What are these goals? In trying to identify the more lofty goals of education, we need to start by considering ‘what is LEARNING’? This is often defined in terms of achieving KNOWLEDGE and SKILLS. However, is there more to learning than these two narrow aims? Rakesh offered us the acronym A.S.K. whereby he defines LEARNING as ‘change is Attitude, Skill and/or Knowledge’. He challenged us to consider how often we include changing students’ attitudes in devising or delivering our curriculum. How often do we build-in the idea of changing students’ attitudes into lesson planning? How often we consider addressing issues of social justice in the classroom? Even if we are constrained by government policies, by the requirements of exam boards, by course books etc., we can and should find time to deal with broader social issues in the classroom and not always focus on the narrow requirements of the test at the end of the course. Yes, this will require teachers to take risks, and to try out new ways of teaching, but taking risks offers the possibility of enriching the teaching/learning experience for all concerned.
At one point, Rakesh asked to make a visual representation of what teaching/learning looks like; to draw a doodle of what is happening when teaching/learning is taking place. Some of these images are presented below.
These show how teachers vary in their perception of what teaching/learning consists of and how these differences may be relevant in being/becoming more OR less effective as a teacher. Draw your own doodle and A.S.K. yourself what it tells you about you as a teacher.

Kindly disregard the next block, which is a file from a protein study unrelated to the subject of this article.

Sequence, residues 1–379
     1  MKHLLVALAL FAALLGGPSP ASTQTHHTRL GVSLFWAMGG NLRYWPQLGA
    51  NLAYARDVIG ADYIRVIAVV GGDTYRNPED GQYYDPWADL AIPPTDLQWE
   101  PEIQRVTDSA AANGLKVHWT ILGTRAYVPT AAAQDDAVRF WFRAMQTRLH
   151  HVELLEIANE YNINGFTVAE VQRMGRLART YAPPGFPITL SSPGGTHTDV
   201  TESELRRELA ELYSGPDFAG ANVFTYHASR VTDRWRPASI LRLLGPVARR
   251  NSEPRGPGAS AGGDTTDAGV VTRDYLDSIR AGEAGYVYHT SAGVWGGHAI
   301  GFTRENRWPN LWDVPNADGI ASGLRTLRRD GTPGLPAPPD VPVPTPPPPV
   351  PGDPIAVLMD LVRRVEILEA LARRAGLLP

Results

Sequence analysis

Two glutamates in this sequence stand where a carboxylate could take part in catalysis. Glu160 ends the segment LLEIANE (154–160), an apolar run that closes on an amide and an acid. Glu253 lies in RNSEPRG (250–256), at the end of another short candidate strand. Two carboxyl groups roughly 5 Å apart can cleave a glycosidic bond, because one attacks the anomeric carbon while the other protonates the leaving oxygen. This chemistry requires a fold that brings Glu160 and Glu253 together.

In addition to the idea of A.S.K., Rakesh offered us another acronym: D.I.T.O.W. This stands for do it the other (or opposite) way. He began by posing the following conumdrum. Two people are standing in a desert facing opposite directions. There are no mirrors or cameras but the two people can see each other. How is this possible? Most people imagine that the two people are standing back to back but if they both turn around and face each other, then they can see each other and are still facing opposite directions. Rakesh used this simple analogy to show that much of what we do in the classroom – based on traditional practices – may not always be as effective as we would like to think it is. Sometimes, by doing things the other/opposite way we may be able to achieve better results and to increase student motivation. For example, rather than asking students to complete a crossword puzzle by solving the given clues, why not give them a completed crossword puzzle and ask them to devise their own clues? He offered other examples of DITOW, e.g. invite students to write questions for a reading comprehension text rather than mechanically answering questions given in the course book.
A second quotation that Rakesh shared from Dr. Johnson goes as follows: “an educated man (sic.) is not someone who has all the knowledge but someone who knows where to look for it”. To this end, he shared two websites that may prove useful to teachers and teacher trainers. The first one is http://www.natcorp.ox.ac.uk/ - the site of The British National Corpus, and the second www.businessballs.com – a gold mine of all kinds of resources for ideas especially if you teach business English.
Rakesh finished by reminding us that many of his suggestions are likely to prove challenging but that unless we take risks we are not going to be able to teach ‘below the neck’; we are not going to educate the whole person. In the words of Aristotle, “educating the mind without educating the heart is no education at all”
By Vassiliki Mandalou